The most enticing part of this F-150 isn’t all of the Texas ranch-spec gear in the cab; it’s under the hood.
Looking back into decades of history, it’s not just tradesmen and Americans that like their pickup trucks. Enthusiasts and purists seemingly have a massive soft spot for them, whether classic or modern. In the late 1940s, Ford set out to compete with General Motors, which led to the birth of the Ford F-series. In 1948, and sourced from the half-ton F-1, the F-Platform was born – the start of the Ford truck empire which is going strong to this day. Since then, the truck has gone through 13 different generations, which brings us to the latest one. We were sent over a brand new 2017 Ford F-150 King Ranch, a 13th generation model.
Offered in an almost endless amount of configurations starting with the $28,249 XL, the King Ranch is smack dab in the middle, starting at $63,349. Contrary to popular belief, the King Ranch is not the luxury pinnacle of the F-150 line – it sits below the Platinum and Limited models. Our test vehicle was decked out with plenty of luxurious goodies and the most ideal powertrain configuration, which brought the sticker to $75,739. In fact, we’d even argue that the F-150 King Ranch is loaded enough to create some redundancy between it and the full-kit Limited model, which is considerably more expensive.
The most enticing part of this F-150 isn’t all of the Texas ranch-spec gear in the cab; it’s under the hood. Our test vehicle was equipped with the all-new second-generation 3.5L twin-turbocharged EcoBoost V6 motor. Featuring 10.5:1 compression, this motor has a brand new aluminum block and a dual port/direct-injection system. It’s rated at 375 horsepower at 5,000RPM, and 470 lb-ft of torque at 3,500RPM. The numbers are there arguing in the V6’s favour over the implementation of a big, throaty V8, but truck fans are sceptical. We noted power delivery to be smooth and confident, though there is plenty of turbo lag and we did miss the urgency of the old V8.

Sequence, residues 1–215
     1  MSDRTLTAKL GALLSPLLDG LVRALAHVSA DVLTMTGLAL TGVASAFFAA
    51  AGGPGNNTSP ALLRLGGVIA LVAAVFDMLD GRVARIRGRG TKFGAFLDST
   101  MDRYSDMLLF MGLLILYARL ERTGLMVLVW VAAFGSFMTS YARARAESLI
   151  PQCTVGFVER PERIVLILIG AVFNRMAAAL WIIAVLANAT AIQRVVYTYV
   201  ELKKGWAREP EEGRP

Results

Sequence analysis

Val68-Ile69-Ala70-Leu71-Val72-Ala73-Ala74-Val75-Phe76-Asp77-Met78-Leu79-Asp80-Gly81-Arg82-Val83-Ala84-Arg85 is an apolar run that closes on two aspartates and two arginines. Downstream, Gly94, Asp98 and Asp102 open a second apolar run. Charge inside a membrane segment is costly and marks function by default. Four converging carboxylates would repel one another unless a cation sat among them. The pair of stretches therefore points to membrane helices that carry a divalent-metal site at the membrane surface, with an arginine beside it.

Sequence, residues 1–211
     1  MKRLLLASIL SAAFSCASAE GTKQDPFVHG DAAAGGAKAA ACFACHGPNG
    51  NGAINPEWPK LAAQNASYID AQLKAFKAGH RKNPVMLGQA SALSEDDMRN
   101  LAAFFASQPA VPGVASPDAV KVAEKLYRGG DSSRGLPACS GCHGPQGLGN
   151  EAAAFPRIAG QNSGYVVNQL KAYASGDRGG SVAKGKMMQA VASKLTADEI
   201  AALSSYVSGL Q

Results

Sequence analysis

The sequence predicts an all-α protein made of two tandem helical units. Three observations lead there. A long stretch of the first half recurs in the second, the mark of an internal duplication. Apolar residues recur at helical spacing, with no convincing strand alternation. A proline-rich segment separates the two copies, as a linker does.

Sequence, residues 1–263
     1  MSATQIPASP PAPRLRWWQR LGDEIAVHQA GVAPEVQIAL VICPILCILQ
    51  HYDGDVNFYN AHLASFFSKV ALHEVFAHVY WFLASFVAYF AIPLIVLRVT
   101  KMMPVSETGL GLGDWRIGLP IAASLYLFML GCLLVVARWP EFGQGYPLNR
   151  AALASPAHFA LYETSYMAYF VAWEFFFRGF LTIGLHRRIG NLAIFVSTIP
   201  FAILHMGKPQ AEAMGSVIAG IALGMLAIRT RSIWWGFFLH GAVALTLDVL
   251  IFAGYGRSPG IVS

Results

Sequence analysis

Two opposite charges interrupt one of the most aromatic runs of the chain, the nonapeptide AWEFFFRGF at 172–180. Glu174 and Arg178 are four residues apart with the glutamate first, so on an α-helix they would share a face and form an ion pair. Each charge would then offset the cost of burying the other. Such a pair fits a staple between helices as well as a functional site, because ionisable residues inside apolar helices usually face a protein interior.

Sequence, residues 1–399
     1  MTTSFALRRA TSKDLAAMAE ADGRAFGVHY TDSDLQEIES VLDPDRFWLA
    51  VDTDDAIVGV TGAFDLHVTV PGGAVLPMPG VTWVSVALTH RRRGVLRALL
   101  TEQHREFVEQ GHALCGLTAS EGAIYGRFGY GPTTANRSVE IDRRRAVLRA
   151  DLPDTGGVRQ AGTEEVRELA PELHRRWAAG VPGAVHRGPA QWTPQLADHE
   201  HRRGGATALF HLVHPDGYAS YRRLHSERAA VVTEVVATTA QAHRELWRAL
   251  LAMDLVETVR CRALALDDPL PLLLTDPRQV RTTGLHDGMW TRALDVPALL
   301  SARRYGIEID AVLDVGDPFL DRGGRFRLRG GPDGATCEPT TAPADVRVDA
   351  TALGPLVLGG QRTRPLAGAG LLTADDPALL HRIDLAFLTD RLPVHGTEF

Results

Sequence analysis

This new EcoBoost powertrain is mated to an all-new 10-speed automatic transmission, the first production implementation of a 10-speed, though other manufacturers are introducing more later this year. This transmission was a joint venture between Ford and GM, and is the same unit we sampled in the F-150 Raptor (reviewed here). This gearbox does a great job at shifting at the perfect spot in the power band, and these shifts are effortless and in many cases, undetectable. At half throttle, the ECU actually commands skip-shifts for efficiency and optimal power delivery. The shorter gear ratios can help keep the truck in or out of boost, again optimizing fuel consumption.
Turbocharger boost, power, and speed are all good, but this is all done in an effort to ensure savings at the fuel pump. In the past, we’ve sampled the EcoBoost V6 (reviewed here) and weren’t convinced about its ability to stay green. This latest implementation has an idle start/stop system, which isn’t quite as smooth as that in the Escape (reviewed here), but it does play a small part. Ford rates this configuration at 14.0L/100km city and 11.0L/100km highway, for a combined rating of 12.7L/100km. Over a cold February week on premium 91-octane fuel, we managed 15.3L/100km with a heavy bias towards city driving.